In March, I was contacted by a longstanding constituent with whom I have been in correspondence over the years on a range of both local and national issues.
What we discussed this time, however, was something far more personal and of an importance unlike anything previous.
As the father of two young children, I know there is no more natural an instinct than the need to protect your child from harm with all your energy, and how anguishing it is for a parent to feel helpless in their child’s time of need.
This is why the desperately sad story of my constituent and her young son, who suffers terribly from epileptic seizures, resonated so deeply with me.
His illness came on suddenly and without warning. Many medications have been tried and more remain to be, yet few signs of his recovery and return to a normal life have thus far been seen.
Of course, with powerful drugs can come some quite awful side effects and the thought of any young life having to endure such pain is truly saddening. What’s more, with each new seizure he suffers arises the high risk of lasting cognitive damage.
With options limited and her son’s health in progressive decline, it is no surprise that my constituent now wants to explore the potential benefits of cannabis-derived medical products (CDMPs) which, at present, are illegal to prescribe here in the UK.
Read CLEAR’s seven recommendations to @DHSCgovuk and @MHRAgovuk on the definition of #cannabis-derived medicinal products https://t.co/9i40E6vVAJ #EndOurPain pic.twitter.com/zd4rtpHQFW
— CLEAR Cannabis Law Reform (@CLEARUK) September 19, 2018
On the broad issue of drug policy, I have long been of the opinion that decriminalisation should not be an avenue that we go down.
However, recent high-profile accounts of the lengths to which some desperate patients and their families have gone to access potentially life-changing therapies, illegal in the UK, have been truly heart-rending.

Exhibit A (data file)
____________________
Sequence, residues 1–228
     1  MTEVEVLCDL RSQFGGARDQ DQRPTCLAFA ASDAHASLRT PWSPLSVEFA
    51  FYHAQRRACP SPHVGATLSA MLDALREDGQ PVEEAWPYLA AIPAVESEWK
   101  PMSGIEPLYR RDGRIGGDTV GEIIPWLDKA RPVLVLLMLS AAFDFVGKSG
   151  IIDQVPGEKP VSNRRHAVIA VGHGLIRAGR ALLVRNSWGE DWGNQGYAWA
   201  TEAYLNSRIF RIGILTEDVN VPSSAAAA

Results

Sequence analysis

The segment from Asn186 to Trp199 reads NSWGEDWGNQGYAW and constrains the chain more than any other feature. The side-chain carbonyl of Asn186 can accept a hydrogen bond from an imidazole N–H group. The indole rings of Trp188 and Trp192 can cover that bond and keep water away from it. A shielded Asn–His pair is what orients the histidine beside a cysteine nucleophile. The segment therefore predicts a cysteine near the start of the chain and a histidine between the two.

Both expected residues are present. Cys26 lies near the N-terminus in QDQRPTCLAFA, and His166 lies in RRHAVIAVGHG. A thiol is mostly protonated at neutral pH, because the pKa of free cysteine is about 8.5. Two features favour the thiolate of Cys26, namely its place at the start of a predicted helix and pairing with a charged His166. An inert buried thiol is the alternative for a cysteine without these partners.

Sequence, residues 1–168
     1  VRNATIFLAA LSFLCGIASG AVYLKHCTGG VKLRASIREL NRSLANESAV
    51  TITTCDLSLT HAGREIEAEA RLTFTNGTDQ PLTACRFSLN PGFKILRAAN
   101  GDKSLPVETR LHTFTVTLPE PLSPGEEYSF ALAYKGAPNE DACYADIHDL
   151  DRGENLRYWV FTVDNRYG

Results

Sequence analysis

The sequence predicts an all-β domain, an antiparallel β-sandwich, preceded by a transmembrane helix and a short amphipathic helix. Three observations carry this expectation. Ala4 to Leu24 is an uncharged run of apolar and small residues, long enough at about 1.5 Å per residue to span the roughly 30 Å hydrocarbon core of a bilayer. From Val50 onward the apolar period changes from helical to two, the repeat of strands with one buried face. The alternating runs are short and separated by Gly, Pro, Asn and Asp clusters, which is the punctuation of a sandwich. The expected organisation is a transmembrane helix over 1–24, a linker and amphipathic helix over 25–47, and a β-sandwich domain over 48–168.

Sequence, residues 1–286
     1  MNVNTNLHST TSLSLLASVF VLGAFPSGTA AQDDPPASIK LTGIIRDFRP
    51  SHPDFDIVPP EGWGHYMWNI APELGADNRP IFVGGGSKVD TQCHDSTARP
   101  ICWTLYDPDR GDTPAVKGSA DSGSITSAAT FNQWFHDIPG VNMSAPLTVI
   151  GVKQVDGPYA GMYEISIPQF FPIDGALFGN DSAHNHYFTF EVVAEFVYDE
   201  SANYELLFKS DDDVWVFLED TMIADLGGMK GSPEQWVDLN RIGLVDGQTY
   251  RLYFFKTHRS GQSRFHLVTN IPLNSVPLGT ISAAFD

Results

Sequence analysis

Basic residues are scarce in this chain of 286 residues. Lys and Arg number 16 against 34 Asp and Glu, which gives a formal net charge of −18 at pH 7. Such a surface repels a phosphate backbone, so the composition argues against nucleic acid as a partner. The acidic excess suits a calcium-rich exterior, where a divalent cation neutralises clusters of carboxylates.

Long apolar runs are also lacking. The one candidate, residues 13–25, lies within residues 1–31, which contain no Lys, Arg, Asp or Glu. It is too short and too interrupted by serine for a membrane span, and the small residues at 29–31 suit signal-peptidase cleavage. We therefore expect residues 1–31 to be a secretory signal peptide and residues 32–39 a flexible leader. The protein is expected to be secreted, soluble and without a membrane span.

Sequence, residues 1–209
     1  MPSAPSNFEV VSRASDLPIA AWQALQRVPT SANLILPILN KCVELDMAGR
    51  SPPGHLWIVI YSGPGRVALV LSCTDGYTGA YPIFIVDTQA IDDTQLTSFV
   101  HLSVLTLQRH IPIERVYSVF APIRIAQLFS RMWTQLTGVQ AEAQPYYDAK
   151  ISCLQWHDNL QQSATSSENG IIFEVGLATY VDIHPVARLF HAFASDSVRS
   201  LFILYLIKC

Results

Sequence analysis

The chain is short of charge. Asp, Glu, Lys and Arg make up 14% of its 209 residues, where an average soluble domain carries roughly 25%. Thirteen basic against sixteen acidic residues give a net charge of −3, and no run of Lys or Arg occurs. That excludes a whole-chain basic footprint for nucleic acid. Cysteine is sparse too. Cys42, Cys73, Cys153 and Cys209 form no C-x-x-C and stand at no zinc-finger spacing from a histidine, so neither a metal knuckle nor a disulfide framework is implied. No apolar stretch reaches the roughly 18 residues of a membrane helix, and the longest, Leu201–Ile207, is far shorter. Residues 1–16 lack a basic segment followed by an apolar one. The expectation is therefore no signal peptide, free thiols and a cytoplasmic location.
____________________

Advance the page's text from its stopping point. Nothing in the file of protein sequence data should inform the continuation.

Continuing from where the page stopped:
As such, I have fully accepted the need to look more closely at the use of CDMPs in the UK healthcare sector, and to protect patients and families from having to take such onerous and drastic steps.
In response to the strength of public feeling, the home secretary took the bold and pragmatic step to review the scheduling of cannabis by the autumn.
As an interim measure, the independent expert panel was also established to issue licenses for prescriptions of CDMPs as a way for patients with the most urgent needs to access medicines before the conclusion of the aforementioned review.
The government’s actions have been warmly welcomed and I am greatly encouraged that we are taking such sensible steps.
However, despite this undoubtedly positive progress, my constituent’s own experience has highlighted certain barriers in the expert panel’s application process which will require swift removal if it is to be as effective as we had hoped.
What has been found by my constituent and brought to wider attention by the All-Party Parliamentary Group (APPG) on Medical Cannabis under Prescription is the restrictiveness of the panel’s terms of reference, as well as the difficulty getting applications submitted due to clinicians’ concerns around perceived liabilities.
Of course, there can be no shortcuts when prescribing any medicines, let alone ones as unfamiliar to the UK healthcare sector as CDMPs, which is why normal procedures must be observed and safety standards met before any decisions are taken.
This, however, offers scant comfort to those like my constituent and her son who live in daily uncertainty and for whom time is of the essence.
The APPG recently wrote to the home and health secretaries to state its concerns and request a meeting in which to identify possible solutions.
As a minister, I was unable to be a co-signatory of these letters, nevertheless, I was more than happy to have made my own representations in support of the views they expressed and of which I am sympathetic.
Striking the balance between maintaining patient safety and the desire to access much-need medicines as soon as possible will be difficult, but the potentially life-changing effects CDMPs could have on a patient and their long-suffering family is too valuable a prize to deter us from trying.
It is my sincere hope that this concerted pressure from myself and others sees the Home Office and Department of Health take a closer look at the expert panel’s application process and implement the necessary tweaks which will allow patients and families smooth access to CDMPs before long.